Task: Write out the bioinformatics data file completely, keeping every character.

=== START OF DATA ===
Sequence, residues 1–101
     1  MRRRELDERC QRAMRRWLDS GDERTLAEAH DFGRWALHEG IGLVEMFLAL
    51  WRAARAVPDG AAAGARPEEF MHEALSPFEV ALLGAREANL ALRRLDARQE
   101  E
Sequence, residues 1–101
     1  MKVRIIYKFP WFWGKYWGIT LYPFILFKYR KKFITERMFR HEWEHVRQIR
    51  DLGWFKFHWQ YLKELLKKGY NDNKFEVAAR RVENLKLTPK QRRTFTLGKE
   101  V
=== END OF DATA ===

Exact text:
Sequence, residues 1–101
     1  MRRRELDERC QRAMRRWLDS GDERTLAEAH DFGRWALHEG IGLVEMFLAL
    51  WRAARAVPDG AAAGARPEEF MHEALSPFEV ALLGAREANL ALRRLDARQE
   101  E
Sequence, residues 1–101
     1  MKVRIIYKFP WFWGKYWGIT LYPFILFKYR KKFITERMFR HEWEHVRQIR
    51  DLGWFKFHWQ YLKELLKKGY NDNKFEVAAR RVENLKLTPK QRRTFTLGKE
   101  V